As a slightly past middle aged woman, I know what it is to deal with insomnia. Sometimes I lie down at 9 pm and I’m asleep at 9:03. Of course, on nights like that one I wake up at 10:30, 11:03, 1:35 and 3:40 before getting up at 6:30.
But there are other nights where I toss and turn from 10 to 2 and finally fall asleep at 3, only to wake up at 6 with a headache.
So why in the world would I even consider sleeping with not only my aging husband of 40 years, but also our two dogs?
It. Makes. No. Sense.
This is my typical night, just so that you understand the pressures at work here.
I go to bed. Paul is in the living room, watching sports. The dogs, Lennie and Bentley, are beside him on the couch. I settle into my bed, ice pack in place on my lower back. I sigh. I settle back. I curl up on my left side.
And I hear the inevitable “ticky-ticky-tick” of Lennie’s claws as he comes down the hall. I lie still on my pillow. Lennie jumps nimbly onto the bed and settles himself into a tight curl somewhere around my legs. I fall asleep to the sound of Lennie’s gentle, rhythmic breathing.
I come awake again around midnight. The covers are now tight around me, and my butt is exposed to the cool night air. I can tell, as I roll over, that Paul has come to bed and is sound asleep beside me. Lennie is still at my feet, on top of the covers.
But Bentley is stretched out to his full length on top of the covers between Paul and I. He is happily dreaming and is totally at peace.
I roll onto my right side, slightly annoyed that I am lacking coverage on my chilly old bottom. I try to pull up the blankets, but find that I am thwarted by the two dogs who are snoring on top of the quilt.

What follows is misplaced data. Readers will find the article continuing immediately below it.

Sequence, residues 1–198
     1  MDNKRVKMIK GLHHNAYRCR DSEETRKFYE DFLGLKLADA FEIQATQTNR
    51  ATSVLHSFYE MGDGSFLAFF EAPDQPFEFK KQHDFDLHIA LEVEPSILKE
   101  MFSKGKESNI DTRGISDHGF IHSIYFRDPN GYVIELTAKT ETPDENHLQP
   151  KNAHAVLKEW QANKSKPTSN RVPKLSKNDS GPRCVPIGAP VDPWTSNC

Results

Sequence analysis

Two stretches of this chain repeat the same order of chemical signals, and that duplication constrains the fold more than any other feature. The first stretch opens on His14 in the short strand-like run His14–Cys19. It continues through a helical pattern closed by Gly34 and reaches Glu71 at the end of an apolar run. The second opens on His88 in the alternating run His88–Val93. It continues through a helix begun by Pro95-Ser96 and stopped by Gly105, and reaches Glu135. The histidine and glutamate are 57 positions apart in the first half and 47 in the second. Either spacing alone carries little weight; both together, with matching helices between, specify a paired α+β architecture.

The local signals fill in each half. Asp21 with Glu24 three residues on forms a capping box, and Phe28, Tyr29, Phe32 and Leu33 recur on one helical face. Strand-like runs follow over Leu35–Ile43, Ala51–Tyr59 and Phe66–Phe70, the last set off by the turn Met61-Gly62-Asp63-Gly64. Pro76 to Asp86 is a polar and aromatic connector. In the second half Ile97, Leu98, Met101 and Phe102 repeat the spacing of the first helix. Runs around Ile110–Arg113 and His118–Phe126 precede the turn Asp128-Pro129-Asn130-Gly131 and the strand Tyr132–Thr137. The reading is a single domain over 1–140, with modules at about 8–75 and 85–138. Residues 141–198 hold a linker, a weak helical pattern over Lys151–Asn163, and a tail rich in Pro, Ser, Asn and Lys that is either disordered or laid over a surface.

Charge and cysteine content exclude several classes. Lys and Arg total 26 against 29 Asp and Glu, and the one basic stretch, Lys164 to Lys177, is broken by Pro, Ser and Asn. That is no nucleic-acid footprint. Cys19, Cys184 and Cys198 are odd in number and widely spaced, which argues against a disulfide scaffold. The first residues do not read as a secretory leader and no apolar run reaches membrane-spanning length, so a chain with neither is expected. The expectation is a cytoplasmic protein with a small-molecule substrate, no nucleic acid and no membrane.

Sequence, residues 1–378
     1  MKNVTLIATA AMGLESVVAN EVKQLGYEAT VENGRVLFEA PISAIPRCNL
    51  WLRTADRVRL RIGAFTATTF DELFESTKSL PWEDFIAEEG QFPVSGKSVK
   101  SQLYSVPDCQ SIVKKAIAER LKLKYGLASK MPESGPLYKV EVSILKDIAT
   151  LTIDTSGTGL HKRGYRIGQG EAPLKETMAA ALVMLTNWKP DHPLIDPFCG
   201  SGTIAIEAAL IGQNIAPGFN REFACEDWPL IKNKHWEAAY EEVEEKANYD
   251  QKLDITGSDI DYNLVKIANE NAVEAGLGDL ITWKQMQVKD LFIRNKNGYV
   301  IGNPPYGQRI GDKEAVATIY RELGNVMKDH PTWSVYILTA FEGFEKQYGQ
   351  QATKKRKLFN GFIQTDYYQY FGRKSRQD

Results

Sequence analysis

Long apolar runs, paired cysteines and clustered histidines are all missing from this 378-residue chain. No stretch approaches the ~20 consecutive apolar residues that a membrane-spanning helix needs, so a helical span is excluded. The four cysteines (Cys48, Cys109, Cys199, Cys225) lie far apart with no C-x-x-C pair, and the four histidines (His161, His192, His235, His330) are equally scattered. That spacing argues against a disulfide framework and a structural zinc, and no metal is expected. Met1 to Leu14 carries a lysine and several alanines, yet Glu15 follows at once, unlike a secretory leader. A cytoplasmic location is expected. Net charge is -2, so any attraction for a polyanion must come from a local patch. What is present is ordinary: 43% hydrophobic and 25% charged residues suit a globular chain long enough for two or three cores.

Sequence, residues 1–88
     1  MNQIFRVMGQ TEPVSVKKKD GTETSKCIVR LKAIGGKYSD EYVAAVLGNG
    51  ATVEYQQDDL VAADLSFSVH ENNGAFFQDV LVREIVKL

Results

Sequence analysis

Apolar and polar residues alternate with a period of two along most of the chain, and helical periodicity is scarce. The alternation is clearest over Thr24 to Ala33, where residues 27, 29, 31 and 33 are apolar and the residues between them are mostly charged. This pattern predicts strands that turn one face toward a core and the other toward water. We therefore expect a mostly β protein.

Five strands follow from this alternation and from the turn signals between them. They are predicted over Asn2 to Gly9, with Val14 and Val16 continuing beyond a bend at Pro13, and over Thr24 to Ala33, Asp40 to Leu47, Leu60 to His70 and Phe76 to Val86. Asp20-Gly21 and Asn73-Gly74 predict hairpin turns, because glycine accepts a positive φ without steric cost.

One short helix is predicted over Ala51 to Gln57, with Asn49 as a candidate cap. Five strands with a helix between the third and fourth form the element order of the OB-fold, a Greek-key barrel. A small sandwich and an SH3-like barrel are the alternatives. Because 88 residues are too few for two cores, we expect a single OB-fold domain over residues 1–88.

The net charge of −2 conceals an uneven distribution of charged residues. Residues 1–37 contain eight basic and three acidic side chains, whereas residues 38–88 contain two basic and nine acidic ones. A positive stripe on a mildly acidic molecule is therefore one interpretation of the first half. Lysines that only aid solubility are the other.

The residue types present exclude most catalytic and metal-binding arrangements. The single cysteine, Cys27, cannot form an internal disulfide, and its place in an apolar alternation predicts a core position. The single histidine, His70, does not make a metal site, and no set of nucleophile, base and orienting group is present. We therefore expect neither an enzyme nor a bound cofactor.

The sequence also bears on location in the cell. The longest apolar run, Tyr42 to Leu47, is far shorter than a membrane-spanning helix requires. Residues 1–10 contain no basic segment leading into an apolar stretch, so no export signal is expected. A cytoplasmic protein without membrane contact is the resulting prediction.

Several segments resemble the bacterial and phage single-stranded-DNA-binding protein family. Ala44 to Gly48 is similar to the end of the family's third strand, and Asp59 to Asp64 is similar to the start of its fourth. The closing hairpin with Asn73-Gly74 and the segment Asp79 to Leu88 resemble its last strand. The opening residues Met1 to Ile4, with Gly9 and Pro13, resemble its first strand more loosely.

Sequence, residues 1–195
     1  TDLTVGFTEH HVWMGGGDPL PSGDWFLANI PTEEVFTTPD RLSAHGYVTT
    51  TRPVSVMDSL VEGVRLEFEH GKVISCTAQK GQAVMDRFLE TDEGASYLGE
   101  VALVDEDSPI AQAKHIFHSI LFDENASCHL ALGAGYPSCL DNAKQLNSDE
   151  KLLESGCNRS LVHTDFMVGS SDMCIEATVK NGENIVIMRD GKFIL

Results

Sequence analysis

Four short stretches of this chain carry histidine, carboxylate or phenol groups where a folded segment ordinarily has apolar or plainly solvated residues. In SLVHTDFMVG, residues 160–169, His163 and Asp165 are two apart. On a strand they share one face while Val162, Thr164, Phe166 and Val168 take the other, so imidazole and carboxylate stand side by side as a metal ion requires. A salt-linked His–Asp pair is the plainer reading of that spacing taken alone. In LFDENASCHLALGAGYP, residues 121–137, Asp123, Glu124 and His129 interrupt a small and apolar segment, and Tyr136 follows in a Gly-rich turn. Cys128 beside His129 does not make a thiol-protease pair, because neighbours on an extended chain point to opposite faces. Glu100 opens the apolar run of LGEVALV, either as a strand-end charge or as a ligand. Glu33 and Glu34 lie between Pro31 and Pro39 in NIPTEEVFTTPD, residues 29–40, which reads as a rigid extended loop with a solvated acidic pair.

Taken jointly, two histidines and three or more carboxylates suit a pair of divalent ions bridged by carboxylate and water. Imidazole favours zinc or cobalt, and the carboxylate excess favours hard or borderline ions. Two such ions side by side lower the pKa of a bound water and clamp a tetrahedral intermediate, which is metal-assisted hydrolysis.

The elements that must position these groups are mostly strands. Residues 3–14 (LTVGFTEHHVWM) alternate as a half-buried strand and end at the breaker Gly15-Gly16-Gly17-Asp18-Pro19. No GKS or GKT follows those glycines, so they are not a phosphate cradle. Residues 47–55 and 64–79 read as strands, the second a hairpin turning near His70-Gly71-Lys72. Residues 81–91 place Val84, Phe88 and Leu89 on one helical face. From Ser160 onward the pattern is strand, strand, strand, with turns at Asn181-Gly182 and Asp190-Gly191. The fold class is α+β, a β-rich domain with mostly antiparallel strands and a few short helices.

“OK”, I think, “This is ridiculous. I need to sleep. I need my blankets. I need my bed.” I get up, thinking that I will go to the bathroom and then come back to dislodge the hounds and reestablish my human superiority.
I walk back to the bed, my phone in my hand for light. I see Lennie, curled up and sleeping like a baby at the foot of the bed.
I decide that he’s OK. I mean, he’s only at the foot of the bed. He isn’t really impacting my sleep. Much.
So I turn to the other guy. To the soft, sweet, silky puppy who insists on sleeping so close to me that we seem to be fusing at the spine.
“You need to move!”, I hiss, as I slip back under the covers. “I am really REALLY tired!”
I push him off of me.
He softly and silently turns into everyone’s favorite stuffed animal. He melts. He becomes totally inert. He shloops himself onto my chest.
“Ugh”, I whisper. “Get OFF!”
He snuggles just a tiny bit closer. He lifts his soft, silky snout up toward my cheek. He lays his head against mine.
“Sfhshshsfsh” he breathes into my ear.
I try to resist. I do. I straighten my spine. He straightens his and continues to breathe into my ear.
I want to be strong. I want to move him off of the bed and onto the floor. I mean, seriously! What kind of badass woman lets herself be pushed around by a puppy?
I wait for just a second. The warm, soft fur lying against my neck feels good. The gently repetitive breathing on my cheek is oddly reassuring.
“I’ll get you guys off in a minute.” I tell myself.
Then I curl onto my side, feeling Lennie’s warmth against my feet. I sigh, and pull the covers up over my shoulders. As I do, I realize that Bentley is under those covers, his softly sleepy head resting next to mine on the pillow.
We all fall asleep.
I’m a soft touch. I’m a jerk. I’m an aging old lady who loves waking up in the middle of the night with both arms around a warm little body.
Who am I kidding?
I’d rather sleep with these snoring, shedding, gassy little guys than without them. And that’s the honest truth.